The real estate industry, apartments included, has been caught in a cycle of deep lows and massive highs for decades. It has weathered major catastrophes in 1980, 1990, 2001, 2009 and now in 2020 it must rebound again. The renters who enter the housing market this month will do so with a new set of questions for their prospective landlords. Renters who have weathered previous storms found their priorities shift in similar ways. Today we'll look at each of the four prior crises and how they shaped the qualities that renters looked for in a good landlord, and give some consideration as to how the COVID crisis will shape the job in turn. Continue reading Every 10 Years: How Crises Shape Our Perceptions of Good and Bad Landlords
Those who have been following me for some time know that I enjoy exploring the use of language as a way of interpreting changing views about rental housing. I've previously analyzed Twitter posts to find out what renters think of apartment hunting and landlords. I've also used an online corpus of published words to analyze the most common adjectives describing landlords and tenants in news articles, blogs and TV shows.
The good folks who maintain the English Corpora website have released a new database tracking words used in news articles related to COVID-19. Today I'll be using that new database to investigate how news coverage of evictions has changed since "Miss Rona" came to visit the world. Continue reading The Shifting Lens of News Coverage: Evictions Before and After Coronavirus
The current shelter-in-place orders have accelerated an already hostile situation in the rental housing industry from a rowdy standoff into an all-out war. While the buildings themselves might not be alight just yet, pretty much everything else within the realm of the rental housing industry is a massive dumpster fire at the moment. Campaigns to enact rent control, eliminate private ownership, organize renters and slow the recent rapid rise of rent rates nationwide were already in process before the shutdown. Now COVID has provided advocacy groups new levers in the form of shutdown-related unemployment and low income essential jobs to further their causes. Landlords also have some advocacy groups of their own which are fighting to maintain the status quo and preserve the value of their investments.
The opposing sides of this war are not likely to reach detente any time soon. Their inability to communicate without throwing around fighting words totally rules out any form of negotiation. Instead of progress in any direction, we wind up with laughable and utterly toothless efforts to combat the crisis such as the utterly unenforceable appeal to emotion that is the Chicago Housing Solidarity Pledge.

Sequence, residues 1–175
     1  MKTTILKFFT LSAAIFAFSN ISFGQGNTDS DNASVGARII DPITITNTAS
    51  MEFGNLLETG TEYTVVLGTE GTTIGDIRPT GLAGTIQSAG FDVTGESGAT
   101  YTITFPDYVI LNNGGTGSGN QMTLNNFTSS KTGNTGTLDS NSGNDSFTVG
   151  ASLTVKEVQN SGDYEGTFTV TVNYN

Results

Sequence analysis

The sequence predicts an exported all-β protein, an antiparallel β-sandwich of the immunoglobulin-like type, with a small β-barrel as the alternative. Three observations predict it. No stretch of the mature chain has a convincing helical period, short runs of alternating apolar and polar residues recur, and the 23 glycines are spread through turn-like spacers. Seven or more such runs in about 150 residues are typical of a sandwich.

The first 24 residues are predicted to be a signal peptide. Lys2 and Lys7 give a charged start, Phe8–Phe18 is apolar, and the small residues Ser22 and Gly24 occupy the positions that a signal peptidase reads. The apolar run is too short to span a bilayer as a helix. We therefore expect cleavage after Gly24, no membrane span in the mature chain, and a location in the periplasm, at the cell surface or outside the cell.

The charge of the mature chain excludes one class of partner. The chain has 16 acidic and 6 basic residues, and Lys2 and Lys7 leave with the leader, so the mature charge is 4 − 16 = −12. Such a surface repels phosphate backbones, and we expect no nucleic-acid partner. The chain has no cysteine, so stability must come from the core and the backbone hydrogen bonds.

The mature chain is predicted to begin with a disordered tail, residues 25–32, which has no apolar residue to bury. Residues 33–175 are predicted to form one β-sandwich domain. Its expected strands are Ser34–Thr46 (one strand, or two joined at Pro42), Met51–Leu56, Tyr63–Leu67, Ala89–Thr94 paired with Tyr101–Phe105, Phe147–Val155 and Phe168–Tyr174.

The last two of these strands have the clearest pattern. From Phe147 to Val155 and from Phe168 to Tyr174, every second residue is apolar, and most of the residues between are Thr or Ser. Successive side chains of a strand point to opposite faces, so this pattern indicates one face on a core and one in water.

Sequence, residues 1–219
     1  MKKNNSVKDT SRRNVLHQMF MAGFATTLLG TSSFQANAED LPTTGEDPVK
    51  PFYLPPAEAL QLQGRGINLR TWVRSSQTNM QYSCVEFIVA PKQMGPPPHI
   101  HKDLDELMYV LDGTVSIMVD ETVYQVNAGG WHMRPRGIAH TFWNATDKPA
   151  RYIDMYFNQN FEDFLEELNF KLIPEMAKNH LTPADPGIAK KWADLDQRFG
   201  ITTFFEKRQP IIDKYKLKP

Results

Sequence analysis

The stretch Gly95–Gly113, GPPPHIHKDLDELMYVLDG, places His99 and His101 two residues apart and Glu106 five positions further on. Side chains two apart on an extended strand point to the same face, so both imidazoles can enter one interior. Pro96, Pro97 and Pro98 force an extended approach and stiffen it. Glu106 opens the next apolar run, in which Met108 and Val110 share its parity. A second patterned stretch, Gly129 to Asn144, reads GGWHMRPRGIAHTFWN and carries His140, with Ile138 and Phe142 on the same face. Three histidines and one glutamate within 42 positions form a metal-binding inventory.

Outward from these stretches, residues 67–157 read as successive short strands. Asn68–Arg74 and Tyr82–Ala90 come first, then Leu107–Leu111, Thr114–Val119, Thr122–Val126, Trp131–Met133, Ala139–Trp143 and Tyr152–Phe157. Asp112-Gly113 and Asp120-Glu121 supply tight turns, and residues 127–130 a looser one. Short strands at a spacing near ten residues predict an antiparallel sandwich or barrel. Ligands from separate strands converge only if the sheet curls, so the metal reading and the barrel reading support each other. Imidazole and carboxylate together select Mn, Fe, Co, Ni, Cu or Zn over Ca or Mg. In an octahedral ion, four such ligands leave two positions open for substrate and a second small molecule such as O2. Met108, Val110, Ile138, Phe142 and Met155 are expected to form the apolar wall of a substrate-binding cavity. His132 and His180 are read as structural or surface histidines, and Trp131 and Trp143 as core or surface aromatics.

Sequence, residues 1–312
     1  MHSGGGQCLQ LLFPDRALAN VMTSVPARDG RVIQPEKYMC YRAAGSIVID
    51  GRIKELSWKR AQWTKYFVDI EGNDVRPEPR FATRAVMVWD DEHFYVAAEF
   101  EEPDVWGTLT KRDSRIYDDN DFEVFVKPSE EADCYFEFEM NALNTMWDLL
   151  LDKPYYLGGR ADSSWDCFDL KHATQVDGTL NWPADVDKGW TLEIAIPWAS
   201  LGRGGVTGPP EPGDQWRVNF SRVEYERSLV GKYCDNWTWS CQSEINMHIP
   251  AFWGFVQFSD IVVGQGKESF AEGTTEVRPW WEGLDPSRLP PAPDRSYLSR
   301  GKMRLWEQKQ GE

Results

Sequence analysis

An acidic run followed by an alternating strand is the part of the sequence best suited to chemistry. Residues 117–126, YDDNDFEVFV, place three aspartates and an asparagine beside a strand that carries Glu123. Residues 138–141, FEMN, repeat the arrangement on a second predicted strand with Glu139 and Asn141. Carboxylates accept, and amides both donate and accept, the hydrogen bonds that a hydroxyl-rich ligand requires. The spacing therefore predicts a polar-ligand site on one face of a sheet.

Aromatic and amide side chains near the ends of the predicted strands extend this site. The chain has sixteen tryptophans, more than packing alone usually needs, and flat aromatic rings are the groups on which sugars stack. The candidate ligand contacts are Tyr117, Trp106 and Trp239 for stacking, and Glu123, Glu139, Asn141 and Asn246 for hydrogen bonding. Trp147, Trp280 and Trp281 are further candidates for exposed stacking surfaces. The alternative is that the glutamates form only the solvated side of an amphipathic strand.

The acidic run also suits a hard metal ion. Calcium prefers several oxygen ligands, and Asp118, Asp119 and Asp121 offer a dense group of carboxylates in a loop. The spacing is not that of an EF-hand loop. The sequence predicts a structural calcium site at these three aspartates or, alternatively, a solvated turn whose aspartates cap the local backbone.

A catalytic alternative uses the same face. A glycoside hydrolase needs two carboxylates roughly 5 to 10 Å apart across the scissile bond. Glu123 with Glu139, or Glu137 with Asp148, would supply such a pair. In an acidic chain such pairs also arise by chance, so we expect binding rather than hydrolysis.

If you follow any of the news about renting in Chicago you've probably heard about rent strikes, protests and campaigns to ban evictions and foreclosures until the end of shelter-in-place orders. You've probably seen the names of many different not-for-profits floating by within these articles without really pausing to think about who they are, what their angle is, or how they operate. Today we'll be looking at some of the groups who have become players in the fight for the control and cost of rental housing, whether out of action or merely by running their mouths on social media. Continue reading The Rent Control Rogues’ Gallery: A Guide to Chicago’s Non-Profit Rent Advocacy Groups
As Chicago residents head into another month of enforced thumb twiddling per the orders of the Governor, I am looking ahead and wondering how this event will shape the future of the city. As per usual, I turned to history for the answers.
There have been many epidemics that have shaped the development of modern civilization, from ancient diseases like smallpox and plague to modern ones like HIV and MERS. Today I'll be looking at five epidemics that had a lasting impact locally, from ones that changed our official boundaries to others that established less official borderlines between cultures. Continue reading The Epidemics That Created Chicago
It's time once again for U.S. residents to complete the decennial Census. "Decennial" means once every ten years. "Census" means a head count of every person living in the country. It's an incredibly important process that will affect all of our lives for the next ten years. As of the time of publication, only 42.9% of Chicago residents have completed their census forms, so today I wanted to provide a quiz to help you to understand the impact of this survey. Continue reading [QUIZ] The Importance of the Decennial Census